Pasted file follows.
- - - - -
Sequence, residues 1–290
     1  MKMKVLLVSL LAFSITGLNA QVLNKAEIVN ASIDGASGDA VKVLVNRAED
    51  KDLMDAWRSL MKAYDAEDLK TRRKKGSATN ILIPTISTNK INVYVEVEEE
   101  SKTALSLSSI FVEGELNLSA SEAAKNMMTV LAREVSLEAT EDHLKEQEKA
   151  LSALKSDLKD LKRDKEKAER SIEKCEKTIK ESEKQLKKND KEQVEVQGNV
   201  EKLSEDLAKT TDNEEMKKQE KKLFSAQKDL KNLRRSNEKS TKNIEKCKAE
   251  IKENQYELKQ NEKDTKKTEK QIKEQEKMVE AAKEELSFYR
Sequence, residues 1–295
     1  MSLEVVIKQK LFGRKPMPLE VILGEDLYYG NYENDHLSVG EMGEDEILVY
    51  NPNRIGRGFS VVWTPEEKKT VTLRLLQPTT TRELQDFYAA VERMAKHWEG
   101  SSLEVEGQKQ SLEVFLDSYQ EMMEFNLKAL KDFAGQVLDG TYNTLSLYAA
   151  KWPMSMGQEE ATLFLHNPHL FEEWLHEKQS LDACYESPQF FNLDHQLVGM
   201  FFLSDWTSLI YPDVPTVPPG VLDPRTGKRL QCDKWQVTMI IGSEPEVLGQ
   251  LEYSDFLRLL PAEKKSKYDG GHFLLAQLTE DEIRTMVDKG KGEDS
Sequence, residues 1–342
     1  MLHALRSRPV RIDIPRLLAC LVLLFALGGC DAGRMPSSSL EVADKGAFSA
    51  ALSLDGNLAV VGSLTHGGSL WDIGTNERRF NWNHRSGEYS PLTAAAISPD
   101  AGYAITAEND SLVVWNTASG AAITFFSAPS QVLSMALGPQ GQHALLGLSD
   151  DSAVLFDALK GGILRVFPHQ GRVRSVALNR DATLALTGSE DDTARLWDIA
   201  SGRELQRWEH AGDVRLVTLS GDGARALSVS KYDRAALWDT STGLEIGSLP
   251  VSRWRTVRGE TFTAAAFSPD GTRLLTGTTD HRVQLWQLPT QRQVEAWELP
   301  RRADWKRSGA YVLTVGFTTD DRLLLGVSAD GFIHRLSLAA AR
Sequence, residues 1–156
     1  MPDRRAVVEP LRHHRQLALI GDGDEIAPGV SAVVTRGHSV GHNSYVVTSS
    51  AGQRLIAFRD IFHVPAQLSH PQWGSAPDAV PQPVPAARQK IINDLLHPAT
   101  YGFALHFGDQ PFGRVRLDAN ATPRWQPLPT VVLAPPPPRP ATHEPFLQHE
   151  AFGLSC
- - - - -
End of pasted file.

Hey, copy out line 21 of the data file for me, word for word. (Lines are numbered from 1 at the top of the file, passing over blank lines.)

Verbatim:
   251  VSRWRTVRGE TFTAAAFSPD GTRLLTGTTD HRVQLWQLPT QRQVEAWELP